Kombucha for Fertility and Pregnancy
Several weeks ago, my friend handed me a large tupperware container filled halfway with a strongly vinager-scented liquid and a floating jellyfish-like culture. It was my first kombucha mother or SCOBY, an acronym for Symbiotic Colony of Bacteria and Yeast. Sounds tasty, right?
This particular SCOBY was one that I had tasted the product of before. During a holiday party, my friend handed a glass of the freshly harvested kombucha to me. I took a whiff of it, and, trying to keep a neutral face, said that I would happily share it with my boyfriend. He took a whiff of it, and poured it into the large mug of hot tea he was holding, hoping to make it palatable. Unfortunately, it mostly just increased the quantity that we had to drink and compliment.
Needless to say, I wasn't feeling too ambitious about what delicious beverages I could wheedle out of this SCOBY. Especially since it was my first time trying to brew kombucha.
Now, let me just say, I am a HUGE fan of kombucha. I would drink it every day if it wasn't so prohibitively expensive to get the delicious products from Buddha's Brew, Synergy, and Kosmic Kombucha that I love so much. However, my history with homebrew kombucha has always ranged somewhere between acidic and bellyache-inducing. But, with a garden full of herbs and a rather expensive collective habit, our household decided that the time was ripe to start experimenting with our own homebrew kombucha.
Despite low expectations, I was absolutely wowed by our first batch! We brewed black tea with sugar to add to the SCOBY and starter tea, and let it sit in a dark cupboard for a week. At harvest time, we poured out half of the liquid into glass yogurt jars to experiment with flavoring. The first batch (and the only one we've tasted so far) was flavored with mango, basil, honey, and lime. The second batch that we brewed was just flavored a few days ago. This time we really went wild in the garden, and grabbed all sorts of herbs to test out. The flavor combinations we came up with were: lavender, mango, and lemongrass; grapefruit, lemon balm, and mint; and raspberry, mint and honey. The basic recipe that we followed not including the flavoring variations can be found on www.thekitchn.com.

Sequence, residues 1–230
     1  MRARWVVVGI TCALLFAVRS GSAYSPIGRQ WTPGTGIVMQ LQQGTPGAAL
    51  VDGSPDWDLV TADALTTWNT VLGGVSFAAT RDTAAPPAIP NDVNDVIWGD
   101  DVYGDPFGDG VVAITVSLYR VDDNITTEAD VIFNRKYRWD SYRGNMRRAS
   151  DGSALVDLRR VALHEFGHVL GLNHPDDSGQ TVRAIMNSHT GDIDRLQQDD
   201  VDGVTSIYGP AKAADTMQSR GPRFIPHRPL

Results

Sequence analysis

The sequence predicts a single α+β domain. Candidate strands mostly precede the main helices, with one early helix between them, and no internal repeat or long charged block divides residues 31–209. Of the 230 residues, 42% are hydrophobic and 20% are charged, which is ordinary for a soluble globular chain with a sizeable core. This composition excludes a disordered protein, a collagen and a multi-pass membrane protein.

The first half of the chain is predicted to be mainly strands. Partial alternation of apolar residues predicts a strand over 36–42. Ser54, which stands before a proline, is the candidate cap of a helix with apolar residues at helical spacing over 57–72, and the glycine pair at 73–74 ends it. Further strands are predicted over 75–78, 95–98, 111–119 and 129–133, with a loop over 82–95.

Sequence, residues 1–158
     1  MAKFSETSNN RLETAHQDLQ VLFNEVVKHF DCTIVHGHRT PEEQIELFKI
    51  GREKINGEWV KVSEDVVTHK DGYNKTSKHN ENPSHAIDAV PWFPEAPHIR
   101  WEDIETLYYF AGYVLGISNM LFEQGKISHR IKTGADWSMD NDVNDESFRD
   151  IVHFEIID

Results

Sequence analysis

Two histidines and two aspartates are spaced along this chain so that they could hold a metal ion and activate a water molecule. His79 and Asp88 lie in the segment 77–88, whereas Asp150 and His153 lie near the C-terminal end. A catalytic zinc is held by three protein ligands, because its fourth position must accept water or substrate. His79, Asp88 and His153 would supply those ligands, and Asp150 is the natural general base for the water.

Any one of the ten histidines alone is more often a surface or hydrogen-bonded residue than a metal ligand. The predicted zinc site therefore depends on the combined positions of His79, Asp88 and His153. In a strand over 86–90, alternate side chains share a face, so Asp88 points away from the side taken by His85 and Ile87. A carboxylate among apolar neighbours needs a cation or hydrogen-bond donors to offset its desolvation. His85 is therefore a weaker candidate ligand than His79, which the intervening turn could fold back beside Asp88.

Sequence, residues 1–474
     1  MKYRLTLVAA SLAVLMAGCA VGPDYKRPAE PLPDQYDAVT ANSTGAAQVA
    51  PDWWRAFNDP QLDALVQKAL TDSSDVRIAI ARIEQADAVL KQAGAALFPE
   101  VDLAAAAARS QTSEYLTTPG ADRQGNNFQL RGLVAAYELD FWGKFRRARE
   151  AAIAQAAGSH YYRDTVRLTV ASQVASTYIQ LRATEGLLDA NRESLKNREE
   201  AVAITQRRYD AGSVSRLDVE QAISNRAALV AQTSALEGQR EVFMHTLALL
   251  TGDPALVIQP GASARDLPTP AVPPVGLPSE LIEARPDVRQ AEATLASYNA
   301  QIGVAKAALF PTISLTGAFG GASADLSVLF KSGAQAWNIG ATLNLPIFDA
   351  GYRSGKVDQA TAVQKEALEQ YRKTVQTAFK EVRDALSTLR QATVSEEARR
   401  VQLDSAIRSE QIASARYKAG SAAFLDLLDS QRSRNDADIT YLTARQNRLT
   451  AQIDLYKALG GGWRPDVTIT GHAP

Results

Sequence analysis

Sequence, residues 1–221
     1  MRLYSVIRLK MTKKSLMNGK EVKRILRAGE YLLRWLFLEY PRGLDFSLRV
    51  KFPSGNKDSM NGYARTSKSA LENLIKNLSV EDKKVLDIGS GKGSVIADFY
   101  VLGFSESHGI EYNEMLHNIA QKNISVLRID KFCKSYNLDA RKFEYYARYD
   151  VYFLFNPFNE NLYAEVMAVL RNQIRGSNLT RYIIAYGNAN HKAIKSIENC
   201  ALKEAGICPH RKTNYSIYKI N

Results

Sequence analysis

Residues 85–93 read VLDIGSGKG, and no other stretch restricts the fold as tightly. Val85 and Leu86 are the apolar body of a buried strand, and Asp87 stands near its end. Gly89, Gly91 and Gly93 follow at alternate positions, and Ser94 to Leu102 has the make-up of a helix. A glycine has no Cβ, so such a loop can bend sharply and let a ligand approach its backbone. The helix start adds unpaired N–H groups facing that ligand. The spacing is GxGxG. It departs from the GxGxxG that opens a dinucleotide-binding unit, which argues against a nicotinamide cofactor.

Now, when you hear homebrew, you might automatically be thinking that this is something to avoid, especially if you are, or are aiming to become, pregnant. There was a rather publicized event several years ago in which kombucha disappeared off of grocery store shelves entirely as people panicked about the unlabeled, but negligible, amounts of alcohol present in kombucha (0.5-3%). Kombucha companies changed methodology and ingredients in order to avoid having to make kombucha an adult beverage, and within a couple of months, these revised recipes trickled back onto shelves.
While this was necessary in a commercial setting though, the trace amount of alcohol in kombucha is nothing to worry about, and the benefits of kombucha far outweigh this. The effect of kombucha according to Chinese medicine is as a cleanser of the liver; it helps to regulate and make more blood. Our LAC's often prescribe apple cider vinegar mixed with cranberry juice to pregnant women to help the liver metabolize hormones, and kombucha has much the same effect. The probiotics present in kombucha additionally help to regulate the digestive system, increase the absorption of nutrients, and increase energy. The one caution our LAC's advise is that if you have never regularly drunk kombucha before, pregnancy may not be the best time to start since you don't know how it will affect you, and there can in rare cases be intolerances to it. Talk to your LAC if you have any questions, but otherwise, drink up, enjoy the health benefits, and enjoy experimenting with all of the different flavors you can think up!
If you're interested in trying it out, SCOBY cultures can be purchased at farmer's markets, or online. They also reproduce naturally over time, so I might end up with more baby SCOBYs than I can take care of. Just saying.